Ongoing trials

An accompanying editorial in The Lancet Diabetes & Endocrinology​ said that the odds are stacked against vitamin D being of use in preventing non-skeletal disorders.

“[However] large [ongoing] clinical trials to assess the effects of vitamin D on non-skeletal health outcomes are therefore justified. It would be a real boon to patients if the results are positive, but unless effect sizes for clinically important outcomes are large, the results will only confirm the neutral effect reported by most clinical trials thus far.”

Currently, five big clinical trials are underway testing vitamin D3 for a variety of outcomes in participants over 50 years of age. The table below outlines the trials, the interventions, outcomes and expected completion date.

Trial name





Expected completion




2,000 IU D3/day

CVD & Cancer





60,000 IU D3 once per month





New Zealand

100,000 IU D3 once per month

CVD, fractures, & respiratory disease




8 EU cities

2,000 IU D3/day

Fractures, BP, cognitive function, infection





1,600 or 3,200 IU D3/day

CVD, cancer, & diabetes


(Source: K. Kuppferschmidt, Science​, 2012, Vol. 337, pp. 1476–7)

Prof Autier and his co-authors concluded: “These studies have the potential to test our hypotheses”​.

Source: The Lancet Diabetes & Endocrinology
Published online ahead of print, doi: 10.1016/S2213-8587(13)70165-7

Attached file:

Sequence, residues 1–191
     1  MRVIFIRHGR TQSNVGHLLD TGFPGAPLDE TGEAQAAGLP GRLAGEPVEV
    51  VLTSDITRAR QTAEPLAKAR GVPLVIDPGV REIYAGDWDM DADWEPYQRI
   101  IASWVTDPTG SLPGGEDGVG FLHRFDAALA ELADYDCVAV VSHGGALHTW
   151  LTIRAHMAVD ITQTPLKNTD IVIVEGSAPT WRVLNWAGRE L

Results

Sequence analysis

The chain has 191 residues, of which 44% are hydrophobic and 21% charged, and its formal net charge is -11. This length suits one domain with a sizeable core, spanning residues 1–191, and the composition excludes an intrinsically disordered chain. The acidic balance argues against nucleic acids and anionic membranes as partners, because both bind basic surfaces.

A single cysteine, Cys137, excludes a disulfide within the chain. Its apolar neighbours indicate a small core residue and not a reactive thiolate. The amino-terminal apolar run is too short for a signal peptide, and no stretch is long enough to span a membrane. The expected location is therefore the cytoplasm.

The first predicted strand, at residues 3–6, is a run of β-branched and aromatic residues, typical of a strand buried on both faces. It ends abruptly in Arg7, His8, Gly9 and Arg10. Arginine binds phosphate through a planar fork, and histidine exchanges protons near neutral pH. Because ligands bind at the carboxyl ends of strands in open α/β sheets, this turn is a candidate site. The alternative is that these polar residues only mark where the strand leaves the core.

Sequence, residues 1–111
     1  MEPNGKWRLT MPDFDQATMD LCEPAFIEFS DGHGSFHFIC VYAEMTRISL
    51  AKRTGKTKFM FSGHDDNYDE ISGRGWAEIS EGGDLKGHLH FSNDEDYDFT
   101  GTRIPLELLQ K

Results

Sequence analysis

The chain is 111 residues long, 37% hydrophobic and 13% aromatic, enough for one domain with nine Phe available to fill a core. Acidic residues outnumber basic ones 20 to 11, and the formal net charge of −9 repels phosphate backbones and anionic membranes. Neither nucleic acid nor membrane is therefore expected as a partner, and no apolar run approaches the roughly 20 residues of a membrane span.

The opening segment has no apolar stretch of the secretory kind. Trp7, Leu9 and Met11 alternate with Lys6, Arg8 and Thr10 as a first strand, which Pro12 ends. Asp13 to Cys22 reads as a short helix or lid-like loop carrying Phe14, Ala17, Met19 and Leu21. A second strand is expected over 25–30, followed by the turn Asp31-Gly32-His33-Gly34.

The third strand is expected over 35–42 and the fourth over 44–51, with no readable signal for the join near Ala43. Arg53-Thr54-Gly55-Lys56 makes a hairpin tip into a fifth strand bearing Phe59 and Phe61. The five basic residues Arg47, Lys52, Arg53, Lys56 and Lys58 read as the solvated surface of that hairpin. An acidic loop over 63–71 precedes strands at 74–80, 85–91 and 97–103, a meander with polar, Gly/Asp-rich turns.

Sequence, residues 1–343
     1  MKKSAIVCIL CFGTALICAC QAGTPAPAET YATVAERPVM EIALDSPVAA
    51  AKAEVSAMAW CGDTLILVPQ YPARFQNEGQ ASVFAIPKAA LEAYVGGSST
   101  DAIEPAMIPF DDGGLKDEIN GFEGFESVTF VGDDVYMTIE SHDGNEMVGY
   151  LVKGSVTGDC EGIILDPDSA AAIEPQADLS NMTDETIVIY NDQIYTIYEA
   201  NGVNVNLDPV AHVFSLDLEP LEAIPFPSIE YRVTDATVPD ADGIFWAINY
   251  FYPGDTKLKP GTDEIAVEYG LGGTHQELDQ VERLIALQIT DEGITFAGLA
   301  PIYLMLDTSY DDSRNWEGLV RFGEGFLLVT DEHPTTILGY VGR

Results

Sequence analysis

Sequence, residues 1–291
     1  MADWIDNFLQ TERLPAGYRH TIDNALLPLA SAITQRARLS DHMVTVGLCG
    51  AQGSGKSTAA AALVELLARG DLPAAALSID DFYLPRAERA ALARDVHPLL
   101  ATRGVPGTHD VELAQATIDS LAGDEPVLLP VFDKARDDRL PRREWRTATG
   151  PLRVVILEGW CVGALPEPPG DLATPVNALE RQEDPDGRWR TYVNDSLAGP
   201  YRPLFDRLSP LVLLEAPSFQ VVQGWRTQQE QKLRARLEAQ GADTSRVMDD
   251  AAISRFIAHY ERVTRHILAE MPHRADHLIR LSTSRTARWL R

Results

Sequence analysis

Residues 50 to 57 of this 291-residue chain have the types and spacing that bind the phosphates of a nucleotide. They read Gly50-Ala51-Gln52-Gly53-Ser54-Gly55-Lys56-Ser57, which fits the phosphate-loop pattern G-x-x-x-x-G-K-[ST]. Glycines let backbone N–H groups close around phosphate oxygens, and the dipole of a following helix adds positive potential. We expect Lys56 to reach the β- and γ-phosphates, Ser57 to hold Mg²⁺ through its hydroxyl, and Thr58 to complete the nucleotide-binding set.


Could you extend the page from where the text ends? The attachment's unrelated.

“Vitamin D status and ill health: a systematic review”
Authors: P. Autier, M. Boniol, C. Pizot, P. Mullie

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Personal experience with MS

Posted by Jorma Marttinen,

The daily dosage should be at least 100 mcg. I have personally taken 125 mcg/ day since 2003 and my MS(mild relapsing/remitting) symptons have stayed away. And no flus in ten years!

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Insufficient daily dosages

Posted by Dr. Matti Tolonen,

The trials analysed by prof Autir´s group are mostly flawed, as the daily dosages of vitamin D have been too small to yield expected results. For instance, in the largest trial, Women's Health Initiative (WHI), which included 36,282 postmenopausal women, the dosage was just 10 mcg of D3 per day for 84 months. In addition, almost 60% of the women admitted that they had not taken the pills. I think prof Autier´s conclusions are not justified. We need clinical trials where at least 100 mcg per day will be given, preferably simultaneuously with strong fish oil.